By TRAVIS RICHARDSON, Guest Columnist
On October 16, two U.S. Senate candidates came to speak to my Social and Political Philosophy class. No, it was not Pete Hoekstra or Debbie Stabenow. They are much too “busy” to come speak to a college philosophy class.
However, two candidates did take the time to come and share their thoughts with us, a gesture I wish more politicians would partake in. The candidates, Scotty Boman of the Libertarian Party, and Harley Mikkelson of the Green Party, presented new and refreshing opinions contrary to the politics of the status quo that Washington, D.C. and the mainstream parties have to offer.
Boman and Mikkelson agreed on several issues, a sight not common in two-party politics. On the issue of foreign policy, they both agreed and pledged to end the interventionist foreign policy of the current and previous administrations. With regard to civil liberties, both candidates thought it is a priority to protect our cherished freedoms. Both also agreed that the so called war on drugs needs to be ended, an idea that is never talked about by the Republicans or Democrats.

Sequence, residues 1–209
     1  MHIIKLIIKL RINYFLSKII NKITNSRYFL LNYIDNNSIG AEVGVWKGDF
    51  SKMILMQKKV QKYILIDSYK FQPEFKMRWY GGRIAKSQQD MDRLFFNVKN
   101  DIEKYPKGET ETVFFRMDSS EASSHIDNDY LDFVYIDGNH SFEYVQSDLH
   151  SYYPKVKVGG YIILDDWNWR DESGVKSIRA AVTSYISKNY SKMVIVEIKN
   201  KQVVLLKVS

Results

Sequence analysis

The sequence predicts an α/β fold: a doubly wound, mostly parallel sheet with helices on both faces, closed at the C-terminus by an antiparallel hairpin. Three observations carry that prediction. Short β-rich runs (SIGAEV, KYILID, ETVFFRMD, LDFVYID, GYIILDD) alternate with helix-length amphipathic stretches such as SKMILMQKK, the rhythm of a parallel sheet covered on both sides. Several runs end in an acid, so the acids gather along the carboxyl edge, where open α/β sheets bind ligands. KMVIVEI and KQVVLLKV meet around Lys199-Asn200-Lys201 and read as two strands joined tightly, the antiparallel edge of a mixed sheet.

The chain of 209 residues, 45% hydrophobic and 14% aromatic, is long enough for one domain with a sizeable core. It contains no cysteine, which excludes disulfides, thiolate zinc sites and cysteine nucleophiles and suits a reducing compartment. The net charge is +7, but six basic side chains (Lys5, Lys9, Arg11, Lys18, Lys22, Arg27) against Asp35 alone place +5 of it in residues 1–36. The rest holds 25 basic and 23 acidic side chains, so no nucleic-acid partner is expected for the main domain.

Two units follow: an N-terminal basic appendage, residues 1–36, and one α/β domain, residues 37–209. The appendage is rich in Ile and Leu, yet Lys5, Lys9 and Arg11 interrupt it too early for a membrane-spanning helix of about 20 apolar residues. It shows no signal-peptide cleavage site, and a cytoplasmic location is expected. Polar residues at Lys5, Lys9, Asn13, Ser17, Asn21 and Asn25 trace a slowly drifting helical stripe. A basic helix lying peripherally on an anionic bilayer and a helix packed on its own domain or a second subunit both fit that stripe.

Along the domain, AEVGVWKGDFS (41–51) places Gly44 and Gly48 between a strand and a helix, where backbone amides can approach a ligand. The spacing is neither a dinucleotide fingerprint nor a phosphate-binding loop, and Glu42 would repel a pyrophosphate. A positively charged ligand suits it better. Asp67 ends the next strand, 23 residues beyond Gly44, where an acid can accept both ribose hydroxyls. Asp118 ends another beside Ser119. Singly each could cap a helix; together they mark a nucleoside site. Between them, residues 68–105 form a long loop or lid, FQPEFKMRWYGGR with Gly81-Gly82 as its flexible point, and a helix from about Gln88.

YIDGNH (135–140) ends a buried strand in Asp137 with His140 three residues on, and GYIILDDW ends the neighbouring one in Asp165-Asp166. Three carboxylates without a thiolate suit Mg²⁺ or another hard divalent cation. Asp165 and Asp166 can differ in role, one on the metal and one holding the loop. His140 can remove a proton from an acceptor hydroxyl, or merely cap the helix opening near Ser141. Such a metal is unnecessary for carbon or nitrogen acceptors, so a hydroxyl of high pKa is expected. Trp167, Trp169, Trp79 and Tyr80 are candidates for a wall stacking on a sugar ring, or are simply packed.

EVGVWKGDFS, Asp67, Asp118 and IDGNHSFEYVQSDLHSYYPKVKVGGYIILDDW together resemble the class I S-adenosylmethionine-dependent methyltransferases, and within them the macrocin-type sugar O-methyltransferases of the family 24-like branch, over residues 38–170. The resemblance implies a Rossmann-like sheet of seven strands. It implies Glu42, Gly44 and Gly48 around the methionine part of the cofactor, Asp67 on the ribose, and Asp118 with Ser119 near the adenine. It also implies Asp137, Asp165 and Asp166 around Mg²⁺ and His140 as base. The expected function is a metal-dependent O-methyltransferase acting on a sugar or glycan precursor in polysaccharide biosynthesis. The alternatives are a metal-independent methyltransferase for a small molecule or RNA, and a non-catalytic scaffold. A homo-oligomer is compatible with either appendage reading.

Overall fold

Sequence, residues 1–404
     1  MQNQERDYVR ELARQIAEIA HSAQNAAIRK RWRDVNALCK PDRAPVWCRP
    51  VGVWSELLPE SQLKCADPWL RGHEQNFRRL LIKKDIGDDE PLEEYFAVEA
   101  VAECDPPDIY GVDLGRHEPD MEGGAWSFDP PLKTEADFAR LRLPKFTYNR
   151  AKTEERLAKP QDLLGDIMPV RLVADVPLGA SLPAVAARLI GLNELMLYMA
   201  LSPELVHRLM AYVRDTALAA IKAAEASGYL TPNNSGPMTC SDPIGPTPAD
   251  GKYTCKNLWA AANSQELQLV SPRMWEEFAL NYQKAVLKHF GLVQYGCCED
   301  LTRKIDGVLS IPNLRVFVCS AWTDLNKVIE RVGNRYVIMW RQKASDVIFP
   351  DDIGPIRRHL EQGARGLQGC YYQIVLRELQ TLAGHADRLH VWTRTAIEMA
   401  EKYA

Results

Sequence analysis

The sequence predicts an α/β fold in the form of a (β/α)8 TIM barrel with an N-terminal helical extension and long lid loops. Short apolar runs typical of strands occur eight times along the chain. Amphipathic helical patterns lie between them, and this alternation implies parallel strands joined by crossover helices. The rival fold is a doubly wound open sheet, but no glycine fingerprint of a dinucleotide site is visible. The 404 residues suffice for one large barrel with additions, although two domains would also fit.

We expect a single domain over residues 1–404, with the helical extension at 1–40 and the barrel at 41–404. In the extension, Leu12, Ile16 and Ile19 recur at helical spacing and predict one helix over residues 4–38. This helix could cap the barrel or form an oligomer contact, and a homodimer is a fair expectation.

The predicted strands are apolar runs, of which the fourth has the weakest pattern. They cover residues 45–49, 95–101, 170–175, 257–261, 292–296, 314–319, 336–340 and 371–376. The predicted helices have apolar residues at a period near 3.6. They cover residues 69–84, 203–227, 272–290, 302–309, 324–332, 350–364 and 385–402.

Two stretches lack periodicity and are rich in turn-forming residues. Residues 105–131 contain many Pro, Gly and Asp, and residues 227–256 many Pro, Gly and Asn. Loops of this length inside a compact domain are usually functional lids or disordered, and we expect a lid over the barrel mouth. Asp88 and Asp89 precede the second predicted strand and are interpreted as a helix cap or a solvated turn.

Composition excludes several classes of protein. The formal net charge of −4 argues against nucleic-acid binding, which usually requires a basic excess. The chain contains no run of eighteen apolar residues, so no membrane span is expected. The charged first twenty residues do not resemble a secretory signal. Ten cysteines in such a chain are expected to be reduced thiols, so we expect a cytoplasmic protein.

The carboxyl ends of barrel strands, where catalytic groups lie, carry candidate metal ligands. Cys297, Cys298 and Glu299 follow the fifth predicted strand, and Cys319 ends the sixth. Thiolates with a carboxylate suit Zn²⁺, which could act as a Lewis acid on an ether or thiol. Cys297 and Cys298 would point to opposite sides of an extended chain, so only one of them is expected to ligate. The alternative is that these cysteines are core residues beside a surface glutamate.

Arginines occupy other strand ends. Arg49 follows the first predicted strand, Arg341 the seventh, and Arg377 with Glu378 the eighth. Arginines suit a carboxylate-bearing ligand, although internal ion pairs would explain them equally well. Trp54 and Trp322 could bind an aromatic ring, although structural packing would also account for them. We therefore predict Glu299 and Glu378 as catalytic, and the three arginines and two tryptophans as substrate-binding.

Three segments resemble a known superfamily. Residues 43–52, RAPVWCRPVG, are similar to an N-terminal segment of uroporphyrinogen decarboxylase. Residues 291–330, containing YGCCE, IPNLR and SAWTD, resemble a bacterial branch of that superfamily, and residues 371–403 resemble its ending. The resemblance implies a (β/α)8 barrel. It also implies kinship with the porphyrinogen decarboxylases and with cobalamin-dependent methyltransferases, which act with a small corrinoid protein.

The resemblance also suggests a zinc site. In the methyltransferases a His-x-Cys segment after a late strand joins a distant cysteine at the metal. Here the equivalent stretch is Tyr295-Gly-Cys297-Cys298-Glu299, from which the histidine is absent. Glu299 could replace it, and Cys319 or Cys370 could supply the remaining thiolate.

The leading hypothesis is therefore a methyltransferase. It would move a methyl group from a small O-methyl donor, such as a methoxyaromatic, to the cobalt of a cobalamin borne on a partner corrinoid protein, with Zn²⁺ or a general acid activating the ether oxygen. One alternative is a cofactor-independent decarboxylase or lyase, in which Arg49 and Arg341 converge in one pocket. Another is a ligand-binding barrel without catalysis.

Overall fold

But the candidates also disagreed on some issues as well. Boman believes in a strict constructionist interpretation of the Constitution. He sees it as a document to limit the power and scope of the federal government, therefore making many of the government’s current actions unconstitutional. He seeks to end many federal programs and return them to state power. Cutting spending and reducing the debt and deficit is also a priority. Mikkelson, however, believes that social justice is a power given to the government. He argued that the government should use its powers to help others and to help the environment. He proposed not only that green energy be produced, but also that energy be conserved.
Although these candidates are less known and have different ideas than the mainstream parties, I believe we should still give other sides the chance to be heard. I’m glad I got to hear from candidates who were sincere and actual care enough to speak to college students, no photo opportunity necessary. I thank both candidates for coming and I thank Professor Skrbina for organizing this small senatorial debate.